Interactive tile viewer (with title)


If you know of other GPS apps which can use this tiled map, let me know and I will add that info here. 

The tiled map is new - if after using it in an app you have suggestions, let me know - I can alter the size of the lines and icons if need be.  Please mention the smartphone type you are using, so I will know the screen resolution. 





Smartphone vs GPS

In my view, smartphone maps are a "middle step" in a heirarchy:
    • paper maps
    • smartphone maps
    • GPS maps

Smartphone maps offer advantages over paper maps, particularly being able to show your location on the map and to zoom in/out - but also have some disadvantages, notably showing only a small section of the forest and depending upon a battery.  In turn, GPSes have features not in smartphone maps, such as their abilty to depict differing detail at differing zoom levels and to compute "along-trail" distances - but also disadvantages, notably a steeper learning curve and needing to purchase/carry an additional piece of equipment.  Those wanting an "electronic map" and already owning a smartphone should first utilize a smartphone app - it may well meet all your needs.  If you later want a more capable "electonic map", you can step up to a GPS.



    Smartphone apps use a "raster" map whereas GPS's use "vector" maps.   [2018 update: some app maps are now available in "vector" form - the comparison below does not apply to such maps.] Each has advantages/disadvantages..  App maps tend to be prettier and show more details (eg buildings, facilities, etc.) whereas GPS maps have additional capabilities useful for hard-core map users.  As a bushwhacker, I find a GPS's vector maps have advantages over raster maps, such as:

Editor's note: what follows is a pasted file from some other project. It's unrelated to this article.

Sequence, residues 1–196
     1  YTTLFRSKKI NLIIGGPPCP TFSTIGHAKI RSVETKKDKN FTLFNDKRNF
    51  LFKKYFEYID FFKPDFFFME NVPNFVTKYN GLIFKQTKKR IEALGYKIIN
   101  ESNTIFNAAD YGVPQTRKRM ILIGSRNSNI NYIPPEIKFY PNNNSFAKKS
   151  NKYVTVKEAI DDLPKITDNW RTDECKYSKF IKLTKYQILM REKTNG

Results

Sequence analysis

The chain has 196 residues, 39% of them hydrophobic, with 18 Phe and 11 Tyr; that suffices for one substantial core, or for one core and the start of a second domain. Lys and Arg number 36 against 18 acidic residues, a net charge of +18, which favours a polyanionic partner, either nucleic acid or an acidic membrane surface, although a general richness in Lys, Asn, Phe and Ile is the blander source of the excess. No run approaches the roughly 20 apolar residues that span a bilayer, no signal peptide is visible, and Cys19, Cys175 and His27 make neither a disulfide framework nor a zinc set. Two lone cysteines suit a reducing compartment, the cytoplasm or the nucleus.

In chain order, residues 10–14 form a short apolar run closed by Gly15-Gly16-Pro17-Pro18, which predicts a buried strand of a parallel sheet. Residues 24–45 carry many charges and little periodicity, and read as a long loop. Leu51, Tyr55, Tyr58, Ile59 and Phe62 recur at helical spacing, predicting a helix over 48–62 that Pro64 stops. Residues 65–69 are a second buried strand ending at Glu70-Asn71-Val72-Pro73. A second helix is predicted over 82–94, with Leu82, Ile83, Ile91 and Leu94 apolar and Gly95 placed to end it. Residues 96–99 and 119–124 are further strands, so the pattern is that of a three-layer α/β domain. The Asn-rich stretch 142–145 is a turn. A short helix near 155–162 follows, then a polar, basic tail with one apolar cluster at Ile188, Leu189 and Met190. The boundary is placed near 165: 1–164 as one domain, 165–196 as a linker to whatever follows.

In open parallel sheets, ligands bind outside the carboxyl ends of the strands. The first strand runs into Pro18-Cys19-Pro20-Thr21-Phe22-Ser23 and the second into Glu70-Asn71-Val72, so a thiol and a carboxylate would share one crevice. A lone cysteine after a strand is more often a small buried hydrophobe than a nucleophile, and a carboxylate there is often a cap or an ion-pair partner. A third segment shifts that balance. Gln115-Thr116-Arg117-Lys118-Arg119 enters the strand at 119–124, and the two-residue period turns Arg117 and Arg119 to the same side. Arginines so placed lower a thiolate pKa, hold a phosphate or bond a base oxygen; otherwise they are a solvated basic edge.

• provide different details depending upon the zoom level  (eg: stream crossings are shown at higher zooms)
      • display constant line widths and text/icon sizes at all scales, down to scales as small as 40 ft
      • give the elevation value of a contour line when you place the cursor over it
      • give the name of a trail, stream, etc. when you place the cursor over it
      • give along-trail distances between points
      • can be operated with one hand while hiking (for a "button style" GPS)

    While working on this page I came across a comparison of smartphone app vs traditional GPS, which gives useful options for getting around smartphone limitations of poorer battery life, poorer gps accuracy, and poorer ruggedness.  Unfortunately it also tries to sell instead of being objective (since it promotes a smartphone app) and some assertions are incorrect - for example, Garmin users are not "locked into expensive, proprietary Garmin formats" since there are many free Garmin-format maps available on the web (apparently the writer never heard of gpsfiledepot.com).  I've also found this detailed discussion of battery saving procedures.

    Be aware that GPS uses continual satellite accessing, preventing a smartphone from going into "sleep" mode - so battery life will be less than you are used to.  Loss of GPS signal is common in canyons, depending upon many factors such as where the smartphone antenna is and its orientation - smartphone apps indicate GPS signal status. 

    Of course, a fundamental difference and advantage of a smartphone is its non-map features (e.g. using the internet, making a phone call, using a plant identification app, etc.).  This seemingly follows the general rule (as I've experienced with airplanes) that one often must choose between something which can do a specific task very well vs. something which can do more tasks but is not quite as good for a specific task. 

Jack Glendening
Trailmap Forum